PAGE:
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Overactive Error-Related Brain Activity as a Candidate Endophenotype for Obsessive-Compulsive Disorder: Evidence From Unaffected First-Degree Relatives
Anja Riesel, Dipl.-Psych.; Tanja Endrass, Ph.D.; Christian Kaufmann, Dipl.-Psych.; Norbert Kathmann, Ph.D.
Am J Psychiatry 2011;168:317-324. doi:10.1176/appi.ajp.2010.10030416
View Author and Article Information
From the Department of Psychology, Humboldt-Universität zu Berlin, Berlin.

Previously presented in part at the 49th Annual Meeting of the Society for Psychophysiology Research, Oct. 21—24, 2009, Berlin; and the 8th Conference on Cognitive Neuropsychiatry, Nov. 6—7, 2009, Bremen, Germany.

Received March 22, 2010; revisions received July 6 and Aug. 5, 2010; accepted Aug. 13, 2010

Ms. Riesel has received funding from a predoctoral fellowship, the Else-Neumann-Scholarship, which did not influence the conduction or publication of this study. Dr. Endrass, Mr. Kaufmann, and Dr. Kathmann report no financial relationships with commercial interests.

Ms. Riesel and Dr. Endrass share first authorship.

Address correspondence and reprint requests to Ms. Riesel, Humboldt-Universität zu Berlin, Department of Psychology, Rudower Chaussee 18, 12489 Berlin, Germany; anja.riesel@hu-berlin.de (e-mail).

Received March 22, 2010; Revised July 6, 2010; Revised August 5, 2010; Accepted August 13, 2010.

An erratum to this article has been published | view the erratum

Abstract

Objective:  Hyperactivity in frontal-striatal circuits is assumed to be involved in the pathophysiology of obsessive-compulsive disorder (OCD). In line with that, electrocortical correlates of overactive performance monitoring have been found to be associated with OCD independent from symptom state. The purpose of the present study was to elucidate whether overactive performance monitoring may represent a candidate endophenotype for OCD. In this case, unaffected first-degree relatives of OCD patients should also show this trait.

Method:  Amplitudes of the error-related negativity and the correct-related negativity in the event-related brain potential during a flanker task were used to assess performance monitoring in three carefully matched groups: 30 patients with OCD, 30 unaffected first-degree relatives of OCD patients, and 30 healthy comparison subjects.

Results:  Relative to the healthy comparison subjects, both unaffected first-degree relatives and OCD patients showed increased error-related brain potentials. No significant correlation was obtained between amplitudes and symptom severity measures, neither in patients nor in first-degree relatives.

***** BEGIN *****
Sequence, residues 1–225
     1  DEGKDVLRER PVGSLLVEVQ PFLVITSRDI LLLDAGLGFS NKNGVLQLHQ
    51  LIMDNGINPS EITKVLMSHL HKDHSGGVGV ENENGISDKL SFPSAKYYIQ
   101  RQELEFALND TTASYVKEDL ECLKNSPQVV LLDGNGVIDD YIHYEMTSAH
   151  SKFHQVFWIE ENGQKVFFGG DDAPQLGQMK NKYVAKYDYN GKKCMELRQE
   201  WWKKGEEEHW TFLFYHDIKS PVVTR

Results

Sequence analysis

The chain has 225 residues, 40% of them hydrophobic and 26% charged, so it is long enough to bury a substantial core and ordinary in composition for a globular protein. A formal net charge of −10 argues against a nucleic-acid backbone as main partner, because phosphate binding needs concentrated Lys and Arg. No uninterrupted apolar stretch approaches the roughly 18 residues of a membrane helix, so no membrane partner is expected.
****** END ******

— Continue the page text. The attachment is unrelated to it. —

Conclusions:  Increased error-related brain potentials were observed not only in OCD patients but also in unaffected first-degree relatives. Overactive error monitoring may reflect a trait marker for OCD that is independent of the presence of clinical symptoms. Thus, enhanced error-related brain activity represents a candidate neurocognitive endophenotype for OCD.

Abstract Teaser
Figures in this Article

Obsessive-compulsive disorder (OCD) is characterized by intrusive obsessions and repetitive compulsions that are time consuming and lead to significant functional impairments (DSM-IV criteria). Twin and family studies suggest a partial genetic etiology of OCD. A review of the OCD twin literature indicates that heritability of obsessive-compulsive symptoms ranges between 45% and 65% in children and 27% and 47% in adults (1). First-degree relatives of patients are exposed to a fourfold risk of developing OCD symptoms relative to the rates among family members of comparison subjects (2). The largest genome-wide linkage study revealed evidence for susceptibility loci on chromosomes 3q, 6q, 7p, 1q, and 15q (3). These latter findings have not been consistently replicated, however.

The failure to replicate the potential genetic underpinnings might be resolved by identifying endophenotypes for OCD (4). Endophenotypes are quantitative biological or cognitive traits that represent simpler clues to genetic underpinnings than the clinical syndrome itself. According to Gottesman and Gould (5), endophenotypes are heritable, are associated with the illness, are primarily state-independent, and cosegregate within families and therefore are found in unaffected family members at a higher rate than in the general population. Endophenotypes that fulfill these criteria can either mediate between genes and the clinical phenotype on the causal pathway or be risk indicators that share sets of genes with the clinical phenotype (6). Candidate endophenotypes of OCD at the neurocognitive level include response inhibition (7), cognitive flexibility deficits (7, 8), orbitofrontal dysfunctions during reversal learning (9), and deficits in planning and working memory (10) as well as decision making (8). These functions are altered in patients and in unaffected first-degree relatives. But it remains to be determined whether other criteria for endophenotypes are also fulfilled.